Energized Asian-American voters could play key role in N.C. elections

Student volunteers with N.C. Asian Americans Together prepare to canvass in Wake County, an area where Asian-American voters have significantly grown over the last decade. (Photo: David Chang/NCAAT)

As the 2018 election season enters its final weeks, community leaders are mobilizing a key voting demographic that could be pivotal in races across North Carolina: Asian Americans.

Asian Americans are the fastest-growing racial group in the country and the state. The number of Asian-American voters in North Carolina has more than doubled over the last decade, with more than 89,000 registered to vote as of August 2018. As a group that is politically independent, their swing vote could tip the balance in key races and hard-fought ballot measures.

Those are among the findings of "How Asian American Voters are Changing N.C," a new analysis by N.C. Asian Americans Together (NCAAT) and the Institute for Southern Studies, publisher of Facing South.

"Asian American communities are a growing force in North Carolina," said Chavi Khanna Koneru, executive director of NCAAT, a Raleigh nonprofit working to engage Asian-American voters. "At a time when issues affecting immigrants and communities of color are in the national spotlight, it's more important than ever to educate and motivate our families, friends and neighbors."

A key issue in 2018 will be voter turnout. Just 56.5 percent of registered Asian Americans in North Carolina voted in 2016, according to the report. That compares to 69 percent for all voters in the state.

One cause of the lower turnout figures may be that Asian-American communities have often been bypassed by candidates and political parties; 71 percent of Asian American voters nationally said they weren't contacted by either major party in 2016. In a national survey conducted from August through early October 2018 by AAPI Data, more than half of Asian-American voters reported they had yet to be contacted by a political party or civic group about the upcoming elections.

Energized and politically independent

Despite the relative dearth of outreach in their communities, Asian-American voters appear to be energized for the 2018 elections. In AAPI Data's survey, 48 percent of those polled said they were "more enthusiastic about voting this year," compared to only 28 percent in 2014, the last midterm election.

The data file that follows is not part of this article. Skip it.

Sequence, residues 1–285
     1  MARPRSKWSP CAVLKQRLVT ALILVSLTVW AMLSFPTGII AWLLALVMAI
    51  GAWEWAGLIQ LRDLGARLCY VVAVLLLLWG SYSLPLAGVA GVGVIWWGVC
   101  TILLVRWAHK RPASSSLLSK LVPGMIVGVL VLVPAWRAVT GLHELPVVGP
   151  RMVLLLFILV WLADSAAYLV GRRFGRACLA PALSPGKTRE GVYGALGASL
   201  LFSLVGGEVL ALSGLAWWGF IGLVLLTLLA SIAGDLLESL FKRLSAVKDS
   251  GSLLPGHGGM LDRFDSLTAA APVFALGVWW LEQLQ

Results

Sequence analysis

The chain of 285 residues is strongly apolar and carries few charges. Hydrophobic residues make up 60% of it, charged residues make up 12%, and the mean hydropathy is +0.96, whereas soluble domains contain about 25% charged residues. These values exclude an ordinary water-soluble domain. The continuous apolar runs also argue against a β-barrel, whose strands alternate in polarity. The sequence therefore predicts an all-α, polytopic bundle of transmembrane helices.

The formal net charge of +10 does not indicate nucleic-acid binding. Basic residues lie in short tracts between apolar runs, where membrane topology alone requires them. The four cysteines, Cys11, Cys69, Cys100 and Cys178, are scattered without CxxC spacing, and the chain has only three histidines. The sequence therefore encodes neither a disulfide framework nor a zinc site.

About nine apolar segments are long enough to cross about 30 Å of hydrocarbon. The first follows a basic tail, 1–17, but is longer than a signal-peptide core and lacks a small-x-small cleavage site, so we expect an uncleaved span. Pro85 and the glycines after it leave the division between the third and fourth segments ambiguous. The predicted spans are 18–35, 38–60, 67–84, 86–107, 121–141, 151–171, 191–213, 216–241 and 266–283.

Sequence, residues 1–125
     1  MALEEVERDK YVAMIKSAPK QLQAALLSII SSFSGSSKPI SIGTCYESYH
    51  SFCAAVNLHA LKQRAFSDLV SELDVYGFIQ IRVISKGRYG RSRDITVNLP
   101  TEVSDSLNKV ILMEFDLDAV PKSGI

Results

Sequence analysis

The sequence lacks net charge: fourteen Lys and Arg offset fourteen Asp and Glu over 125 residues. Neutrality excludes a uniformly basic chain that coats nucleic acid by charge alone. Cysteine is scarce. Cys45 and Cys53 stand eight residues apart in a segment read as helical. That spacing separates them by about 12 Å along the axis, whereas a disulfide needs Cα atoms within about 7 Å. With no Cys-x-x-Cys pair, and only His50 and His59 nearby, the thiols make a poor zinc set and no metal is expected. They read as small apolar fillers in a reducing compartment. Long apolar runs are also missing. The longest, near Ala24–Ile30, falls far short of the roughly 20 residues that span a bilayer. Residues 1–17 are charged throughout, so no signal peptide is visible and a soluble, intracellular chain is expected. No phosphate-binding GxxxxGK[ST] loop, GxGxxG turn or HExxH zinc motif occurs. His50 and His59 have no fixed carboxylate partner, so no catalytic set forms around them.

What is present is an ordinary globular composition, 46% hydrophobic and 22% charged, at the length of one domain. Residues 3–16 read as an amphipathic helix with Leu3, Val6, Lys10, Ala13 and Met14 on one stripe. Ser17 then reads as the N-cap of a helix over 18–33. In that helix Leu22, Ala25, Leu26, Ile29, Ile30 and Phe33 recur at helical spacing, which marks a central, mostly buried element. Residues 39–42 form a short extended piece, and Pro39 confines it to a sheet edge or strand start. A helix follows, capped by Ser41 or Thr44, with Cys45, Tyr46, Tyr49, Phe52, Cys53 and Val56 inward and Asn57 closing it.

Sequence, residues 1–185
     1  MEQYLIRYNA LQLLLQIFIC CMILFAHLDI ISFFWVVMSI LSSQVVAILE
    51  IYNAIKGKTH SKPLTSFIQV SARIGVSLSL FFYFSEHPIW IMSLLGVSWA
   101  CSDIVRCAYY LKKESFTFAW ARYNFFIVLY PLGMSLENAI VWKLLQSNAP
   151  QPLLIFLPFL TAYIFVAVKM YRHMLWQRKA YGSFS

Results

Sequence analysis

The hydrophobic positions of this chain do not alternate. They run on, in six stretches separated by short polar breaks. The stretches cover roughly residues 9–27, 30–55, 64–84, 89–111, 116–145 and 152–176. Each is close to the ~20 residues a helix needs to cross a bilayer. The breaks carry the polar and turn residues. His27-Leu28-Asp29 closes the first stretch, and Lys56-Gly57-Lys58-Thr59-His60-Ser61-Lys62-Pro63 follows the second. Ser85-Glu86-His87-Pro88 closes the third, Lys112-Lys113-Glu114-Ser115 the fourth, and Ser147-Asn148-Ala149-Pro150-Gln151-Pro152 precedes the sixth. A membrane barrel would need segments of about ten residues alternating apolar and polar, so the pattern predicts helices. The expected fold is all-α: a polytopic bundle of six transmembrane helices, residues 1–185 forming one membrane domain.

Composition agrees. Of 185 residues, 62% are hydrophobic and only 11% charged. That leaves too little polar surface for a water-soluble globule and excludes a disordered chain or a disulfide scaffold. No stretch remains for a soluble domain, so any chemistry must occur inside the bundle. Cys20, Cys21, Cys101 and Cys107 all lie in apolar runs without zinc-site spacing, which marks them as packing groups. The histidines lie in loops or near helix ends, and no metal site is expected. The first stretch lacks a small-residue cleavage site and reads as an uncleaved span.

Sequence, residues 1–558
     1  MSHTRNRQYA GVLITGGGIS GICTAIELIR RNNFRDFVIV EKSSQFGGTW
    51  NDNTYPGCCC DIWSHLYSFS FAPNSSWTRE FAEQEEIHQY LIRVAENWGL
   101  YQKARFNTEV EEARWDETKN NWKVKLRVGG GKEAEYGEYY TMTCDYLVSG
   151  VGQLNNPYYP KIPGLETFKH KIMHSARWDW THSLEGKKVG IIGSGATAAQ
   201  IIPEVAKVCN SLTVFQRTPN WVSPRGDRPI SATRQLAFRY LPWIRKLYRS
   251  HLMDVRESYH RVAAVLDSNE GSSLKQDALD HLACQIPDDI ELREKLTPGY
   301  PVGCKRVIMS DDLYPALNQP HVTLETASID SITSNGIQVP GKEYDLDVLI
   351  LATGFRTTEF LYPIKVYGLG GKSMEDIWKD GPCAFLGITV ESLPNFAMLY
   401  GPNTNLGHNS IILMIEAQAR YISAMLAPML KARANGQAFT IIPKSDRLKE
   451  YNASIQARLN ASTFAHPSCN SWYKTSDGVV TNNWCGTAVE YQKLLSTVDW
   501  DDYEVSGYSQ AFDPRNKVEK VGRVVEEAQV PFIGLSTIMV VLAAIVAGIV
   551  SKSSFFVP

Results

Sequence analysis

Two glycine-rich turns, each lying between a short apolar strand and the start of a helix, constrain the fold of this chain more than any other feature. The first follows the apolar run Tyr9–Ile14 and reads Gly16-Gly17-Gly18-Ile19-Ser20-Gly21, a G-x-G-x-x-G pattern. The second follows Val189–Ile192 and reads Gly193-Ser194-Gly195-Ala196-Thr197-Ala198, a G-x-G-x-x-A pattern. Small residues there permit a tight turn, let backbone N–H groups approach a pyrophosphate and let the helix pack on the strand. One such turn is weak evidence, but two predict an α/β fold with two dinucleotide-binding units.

New research also points to the political independence of Asian Americans. In North Carolina, the NCAAT/Institute report found that, as of August 2018, more than half — 52.5 percent — of registered Asian-American voters are independent or unaffiliated.

That's in line with AAPI Data's national survey, which found that Asian-American voters nationally favor the Democrats' position on key issues like the environment, racial discrimination and gun control, but the Republicans' on taxes, the economy and national security.

"Not only is the Asian-American community the fastest-growing racial group in the country," said Karthick Ramakrishnan, founder and director of AAPI Data, "it is a politically dynamic population whose vote still remains up for grabs."

That could make Asian Americans an especially critical swing vote in key North Carolina elections in 2018, including three tight U.S. House races, more than a dozen highly contested seats in the N.C. General Assembly, and statewide campaigns for a N.C. Supreme Court justice and six proposed amendments to the state constitution.

N.C. Asian Americans Together and other groups are working to capitalize on heightened voter interest to boost turnout, especially in areas where Asian-American voters are most heavily concentrated, such as Charlotte, Greensboro, and the Raleigh-Durham Triangle area.

In 2018, NCAAT has registered more than 2,000 voters and hosted three candidate forums in Wake County, which has the state's largest Asian-American community. These are part of what the group calls an "unprecedented" push to educate and mobilize the state's Asian-American electorate in 2018, which over the next 12 days will include an issue forum on the constitutional amendments, phone banking, a door-to-door canvass in Wake County, and a "Party at the Polls" on Election Day.

To read the full report and find out more information, visit ncaatogether.org.